During the recent presidential campaign, Barack Obama made much ado of fairness. The wealthy must pay their fair share, although “fair share” is never defined. Fairness, along with Diversity, can be considered two of the Holy Grails of liberalism. Without those two items, liberalism must fall back on excessive government spending and over-burdensome regulation, hardly things that are winning campaign issues – even for the Anointed One. Since we seem to be following Europe into the socialist abyss, socially, economically and politically, here are two recent stories that should give us pause.
First, as reported by The Local, Sweden’s English news website, we had a recent story of Annica Eriksson, a school lunch lady, who was quite skilled in the art of bread baking and extremely creative in turning an assortment of as many as 15 vegetables into appealing choices for the children at her school. Even better is that she was able to exert this creativity at no additional expense. Annica Ericsson, the lunch lady, was good – too good, apparently.
For the municipality of Falun, this was all too much. How dare she provide good, healthy food alternatives that the students liked! It is patently unfair to the students at other schools. Furthermore, some of the food she made available in the school lunchroom did not comply with the local healthy diet plan as outlined by the municipality. Apparently, the local healthy diet plan required food to be, like European bureaucrats, bland and tasteless. This all deviated from the central planning of the culinary cops.
In today’s Europe, culinary creativity, or any other kind of creativity for that matter, must be frowned upon, if not outright banned. Exactly what does this teach the students who actually had school lunches that were both nutritious and far more appetizing than the lunch trays on which they were carried? The students learned that to excel at something is very unfair. They also learned that creativity is not a desired trait and must be resisted at all costs. How else can the next generation of European bureaucrats be cultivated?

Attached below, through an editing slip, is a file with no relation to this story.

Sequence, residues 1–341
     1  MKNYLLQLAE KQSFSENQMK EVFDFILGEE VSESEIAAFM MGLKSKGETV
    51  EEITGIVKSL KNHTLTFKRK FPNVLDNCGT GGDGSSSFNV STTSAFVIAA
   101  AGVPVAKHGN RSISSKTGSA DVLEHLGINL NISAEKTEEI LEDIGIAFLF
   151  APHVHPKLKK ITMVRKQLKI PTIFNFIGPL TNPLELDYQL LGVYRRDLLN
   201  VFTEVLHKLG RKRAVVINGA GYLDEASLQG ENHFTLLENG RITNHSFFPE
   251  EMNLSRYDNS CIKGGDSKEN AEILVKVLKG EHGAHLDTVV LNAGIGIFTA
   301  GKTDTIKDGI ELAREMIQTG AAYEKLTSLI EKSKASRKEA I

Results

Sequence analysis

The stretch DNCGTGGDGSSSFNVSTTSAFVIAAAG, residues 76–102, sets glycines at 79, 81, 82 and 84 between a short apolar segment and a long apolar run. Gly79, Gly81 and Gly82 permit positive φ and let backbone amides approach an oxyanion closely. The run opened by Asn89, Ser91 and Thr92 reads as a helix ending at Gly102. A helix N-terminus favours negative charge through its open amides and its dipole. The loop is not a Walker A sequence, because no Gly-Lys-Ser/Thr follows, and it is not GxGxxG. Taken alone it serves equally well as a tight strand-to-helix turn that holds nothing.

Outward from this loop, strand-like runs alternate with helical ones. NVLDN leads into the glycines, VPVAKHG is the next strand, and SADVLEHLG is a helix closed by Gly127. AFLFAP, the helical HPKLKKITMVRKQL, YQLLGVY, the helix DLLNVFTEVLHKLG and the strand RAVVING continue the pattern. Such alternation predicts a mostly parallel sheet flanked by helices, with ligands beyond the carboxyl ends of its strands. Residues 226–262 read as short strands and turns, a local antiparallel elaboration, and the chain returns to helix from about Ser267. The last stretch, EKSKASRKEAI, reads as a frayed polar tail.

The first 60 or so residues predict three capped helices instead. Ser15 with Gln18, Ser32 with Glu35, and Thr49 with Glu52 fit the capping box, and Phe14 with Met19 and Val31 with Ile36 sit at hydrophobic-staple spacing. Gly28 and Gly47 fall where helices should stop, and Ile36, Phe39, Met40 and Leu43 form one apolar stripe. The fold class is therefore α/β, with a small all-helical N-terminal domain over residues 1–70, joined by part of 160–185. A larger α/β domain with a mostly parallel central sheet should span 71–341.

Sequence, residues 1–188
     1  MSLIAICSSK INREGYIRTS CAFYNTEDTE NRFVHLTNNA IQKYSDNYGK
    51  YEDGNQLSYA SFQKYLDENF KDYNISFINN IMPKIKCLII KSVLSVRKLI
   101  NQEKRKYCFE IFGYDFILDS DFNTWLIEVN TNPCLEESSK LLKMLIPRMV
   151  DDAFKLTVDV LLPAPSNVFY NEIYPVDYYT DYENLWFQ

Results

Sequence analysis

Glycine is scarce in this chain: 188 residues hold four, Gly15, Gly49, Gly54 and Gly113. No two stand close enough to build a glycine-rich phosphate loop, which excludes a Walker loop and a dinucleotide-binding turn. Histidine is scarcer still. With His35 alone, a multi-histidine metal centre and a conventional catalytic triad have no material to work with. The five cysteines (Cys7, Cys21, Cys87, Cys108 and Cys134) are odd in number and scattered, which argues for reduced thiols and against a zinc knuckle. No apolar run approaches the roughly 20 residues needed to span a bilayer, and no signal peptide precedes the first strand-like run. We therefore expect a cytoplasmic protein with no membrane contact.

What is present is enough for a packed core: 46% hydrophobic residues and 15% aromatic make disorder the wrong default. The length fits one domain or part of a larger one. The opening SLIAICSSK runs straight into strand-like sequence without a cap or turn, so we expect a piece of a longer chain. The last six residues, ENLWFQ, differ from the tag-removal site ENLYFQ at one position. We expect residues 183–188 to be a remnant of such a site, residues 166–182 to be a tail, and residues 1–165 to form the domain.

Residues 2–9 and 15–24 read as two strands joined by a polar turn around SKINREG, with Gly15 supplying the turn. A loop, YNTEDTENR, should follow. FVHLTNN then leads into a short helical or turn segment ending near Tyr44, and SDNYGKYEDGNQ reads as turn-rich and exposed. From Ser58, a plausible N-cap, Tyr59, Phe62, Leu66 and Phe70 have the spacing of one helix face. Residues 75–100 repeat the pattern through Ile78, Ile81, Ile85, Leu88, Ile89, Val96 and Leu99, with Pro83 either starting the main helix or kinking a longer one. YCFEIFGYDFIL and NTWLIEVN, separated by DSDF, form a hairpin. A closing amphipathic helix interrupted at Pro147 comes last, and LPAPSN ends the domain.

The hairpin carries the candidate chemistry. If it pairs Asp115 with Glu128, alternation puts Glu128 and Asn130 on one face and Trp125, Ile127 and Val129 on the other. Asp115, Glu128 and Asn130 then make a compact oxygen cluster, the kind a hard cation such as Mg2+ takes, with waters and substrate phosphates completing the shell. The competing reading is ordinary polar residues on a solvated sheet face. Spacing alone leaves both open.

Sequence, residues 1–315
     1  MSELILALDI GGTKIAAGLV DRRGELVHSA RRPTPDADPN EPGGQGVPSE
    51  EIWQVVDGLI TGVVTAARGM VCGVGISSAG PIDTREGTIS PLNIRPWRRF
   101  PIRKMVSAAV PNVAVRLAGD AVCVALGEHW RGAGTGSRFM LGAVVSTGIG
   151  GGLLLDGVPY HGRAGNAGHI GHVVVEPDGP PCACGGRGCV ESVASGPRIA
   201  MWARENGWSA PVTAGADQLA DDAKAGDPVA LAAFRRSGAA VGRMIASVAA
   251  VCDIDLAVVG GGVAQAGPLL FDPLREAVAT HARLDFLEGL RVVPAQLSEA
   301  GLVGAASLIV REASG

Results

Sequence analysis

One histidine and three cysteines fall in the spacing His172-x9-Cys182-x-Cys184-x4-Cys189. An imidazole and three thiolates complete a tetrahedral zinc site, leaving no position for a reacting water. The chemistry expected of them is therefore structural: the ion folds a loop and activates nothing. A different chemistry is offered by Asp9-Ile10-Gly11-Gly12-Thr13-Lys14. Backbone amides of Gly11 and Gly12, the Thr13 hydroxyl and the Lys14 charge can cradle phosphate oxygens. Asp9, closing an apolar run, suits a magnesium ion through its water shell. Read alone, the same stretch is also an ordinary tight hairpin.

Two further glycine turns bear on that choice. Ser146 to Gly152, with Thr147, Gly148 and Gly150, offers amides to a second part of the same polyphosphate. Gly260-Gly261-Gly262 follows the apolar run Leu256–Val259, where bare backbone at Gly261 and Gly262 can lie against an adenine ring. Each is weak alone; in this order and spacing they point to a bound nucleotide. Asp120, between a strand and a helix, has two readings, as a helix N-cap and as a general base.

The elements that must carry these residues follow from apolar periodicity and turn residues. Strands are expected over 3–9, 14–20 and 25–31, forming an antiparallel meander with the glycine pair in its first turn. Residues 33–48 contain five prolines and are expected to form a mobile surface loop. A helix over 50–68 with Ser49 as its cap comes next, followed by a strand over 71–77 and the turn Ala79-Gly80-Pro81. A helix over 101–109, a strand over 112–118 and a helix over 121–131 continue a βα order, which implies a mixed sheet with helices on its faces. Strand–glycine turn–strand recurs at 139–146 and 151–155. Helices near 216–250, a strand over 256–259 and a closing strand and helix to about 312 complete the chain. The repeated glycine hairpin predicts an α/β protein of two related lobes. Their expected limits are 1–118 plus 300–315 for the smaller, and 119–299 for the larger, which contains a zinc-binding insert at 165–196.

Our second story comes from France where President Francois Hollande has proposed banning homework for French students. This is included in his series of policies to reform the French educational system. How, exactly, would banning homework improve the French educational system? Well, it wouldn’t. But, it would be fair! Some students, it seems, have more stable home environments than others. Homework clearly provides an advantage to those students whose parents actually require them to do the assigned homework.
This further demonstrates how excelling at anything cannot be tolerated in today’s Europe. No one should be better than the worst student. This again suggests future bureaucrats in the making. Clearly, this also suggests that diversity is a wonderful thing, provided it doesn’t deviate from bureaucratic group think. So, diversity is great, except when it’s not. This is also today’s Europe.
But I think I see some possibilities here on the home front. I believe it was completely unfair that the Miami Heat won the NBA championship last season. Furthermore, there were 16 teams that did not even make the playoffs. New rules should be implemented immediately that would allow Lebron James to play only in the first quarter of each game. Also, he should only be allowed to practice on days that start with the letter “R”. (What, there are no days that start with the letter “R”? Well, that’s unfair! We should have a day of the week for each letter of the alphabet – that will take the letters “T” and “S” down a notch or two.) Finally, all games should end in a tie. Now that’s fair!
As the examples above make clear, liberalism breeds mediocrity. In fact, it’s a requirement. Perhaps that helps explain how the current occupant of the White House will remain so for another four years.
Curtice Mang is the author of the new book, The Constitution – I’m Not Kidding and Other Tales of Liberal Folly. He can be contacted at www.mangwrites.com, where one can also purchase his book; or contact Curtice at mangwrites at cox.net.